These proposed changes would apply to the 2021 and subsequent taxation years, in respect of DTC certificates filed with the Minister of National Revenue on or after Royal Assent. It is estimated that, as a result of these measures, an additional 45,000 people will qualify for the DTC, and related benefit programs linked to its eligibility, each year.
Corporate Measures for Small to Medium Enterprises
“Budget 2021 is a plan to make targeted investments in Canada’s businesses so they can hire and train Canada’s workers, who will then have more money to spend, spurring out recovery and growing an economy with more opportunities for everyone.”
Corporate Income Tax Rates
There were no proposed changes to federal corporate income tax rates or the small business limit.
Federal Minimum Wage
The government of Canada announced its intention to introduce legislation that will establish a federal minimum wage of $15 per hour, rising with inflation, with provisions to ensure that where provincial or territorial minimum wages are higher, that wage will prevail. Provincial minimum wages range from $11.45 (Saskatchewan) to $60.00 (Nunavut). This will directly benefit over 26,000 workers who currently make less than $15 per hour in the federally regulated private sector.
Immediate Expensing of up to $1.5 Million of Capital Property Acquisitions
Budget 2021 proposes to allow immediate expensing of up to $1.5 million of eligible investments by Canadian-controlled private corporations made on or after Budget Day and before 2024. Eligible investments will cover over 60 per cent of capital investments typically made by Canadian-controlled private corporations.
Update on COVID-19 Relief Measures
“The government’s broad suite of support measures has helped families, protected jobs, and supported businesses across Canada. More than eight of every ten dollars spent to fight COVID-19 and support Canadians continues to come from the federal government”
New Canada Recovery Hiring Program
The proposed Canada Recovery Hiring Program would offset a portion of the extra costs employers take on as they reopen, either by increasing wages or hours worked, or hiring more staff. This support would only be available for active employees and will be available from June 6 to November 20, 2021.
Eligible employers would claim the higher of the Canada Emergency Wage Subsidy or the new proposed subsidy, but not both. While the wage subsidy amount is assessed based on revenue declines, the hiring subsidy will be assessed based on the difference between an employer’s baseline payroll and current payroll. However, employers would still need to experience qualifying declines in revenues relative to pre-pandemic amounts to qualify for the hiring subsidy.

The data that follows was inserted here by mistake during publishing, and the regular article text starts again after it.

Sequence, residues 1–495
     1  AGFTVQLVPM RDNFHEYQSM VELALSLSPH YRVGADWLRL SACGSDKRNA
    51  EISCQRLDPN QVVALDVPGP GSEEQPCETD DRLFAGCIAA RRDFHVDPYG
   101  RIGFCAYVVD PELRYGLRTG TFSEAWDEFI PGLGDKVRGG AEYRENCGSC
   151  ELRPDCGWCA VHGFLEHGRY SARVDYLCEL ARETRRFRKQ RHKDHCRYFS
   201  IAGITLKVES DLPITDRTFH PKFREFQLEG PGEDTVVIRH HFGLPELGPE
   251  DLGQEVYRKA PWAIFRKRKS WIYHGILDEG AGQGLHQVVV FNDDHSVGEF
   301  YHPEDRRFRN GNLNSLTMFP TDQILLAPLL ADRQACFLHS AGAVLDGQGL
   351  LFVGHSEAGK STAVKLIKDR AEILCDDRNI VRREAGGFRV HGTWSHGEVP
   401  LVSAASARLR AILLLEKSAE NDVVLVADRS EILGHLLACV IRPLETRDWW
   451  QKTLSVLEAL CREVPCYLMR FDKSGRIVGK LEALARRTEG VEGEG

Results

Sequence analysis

The hiring subsidy rate will be:
- 50% (June 6 to August 28)
- 40% (August 29 to September 25)
- 30% (September 26 to October 23)
- 20% (October 24 to November 20)
Extension of Existing Emergency Business Supports
The government recently extended the application deadline for the Canada Emergency Business Account (CEBA) to June 30, 2021. The government increased the value of the loan from $40,000 to $60,000 in December 2020. If businesses repay the loan before December 31, 2022, then a third of the loan will be forgiven ($20,000).
Budget 2021 proposes to further extend the following support programs until September 25, 2021:
- Canada Emergency Wage Subsidy (CEWS)
- Canada Emergency Rent Subsidy (CERS); and
- Lockdown Support
The subsidy rates are proposed to be gradually reduced beginning July 4, 2021. The maximum subsidy rates of 75% for CEWS and 65% for CERS will be extended to July 3, 2021 and then gradually decrease as follows:
- 60% (July 4 to July 31)
- 40% (August 1 to August 28)
- 20% (August 29 to September 25)
In addition, Budget 2021 outlines only employers with a decline in revenues of more than 10% will be eligible for CEWS, CERS and Lockdown Support post July 3, and proposes a clawback of wage subsidy payments to publicly listed corporations who increased executive pay from 2019 to 2021.
New Tax Treatment of Emergency Benefit Repayments
Individuals required to repay COVID-19 benefits will be eligible to claim a deduction for the repayment of the benefit for the tax year in which the benefit amount was received as opposed to the year in which the repayment is made. Individuals, however, must repay the benefit amount prior to 2023. This change will prevent many Canadians from paying tax on benefit amounts that they ultimately had to repay.
Extension of Recovery Benefits and Changes to Employment Insurance
While Canada has recovered about 90 per cent of jobs lost during the pandemic, there are still over half a million Canadians out of work or working reduced hours.
Budget 2021 proposes the following income support measures:
- Temporarily waiving the one-week waiting period for Employment Insurance Claims (EI) for beneficiaries who make a claim between January 31, 2021 and September 25, 2021;
- Provide up to 12 additional weeks of Canada Recovery Benefit, to a maximum of 50 weeks. The benefit amount will be $500 per week for the first four additional weeks, and $300 per week for the remaining 8 weeks. This would be available until September 25, 2021;
- Extend the Canada Recovery Caregiving Benefit for an additional 4 weeks, to a maximum of 42 weeks at $500 per week; and
- Enhance sickness benefits from 15 to 26 weeks. This extension, which would take effect in summer 2022, would provide approximately 169,000 Canadians every year with additional time and flexibility to recover and return to work.
“Opportunity is coming. Growth is coming. Jobs are coming. After a long year of retrenchment, Canadians are ready to recover and rebuild.”
Please note: any proposed changes highlighted above are simply proposals until passed into law by the government.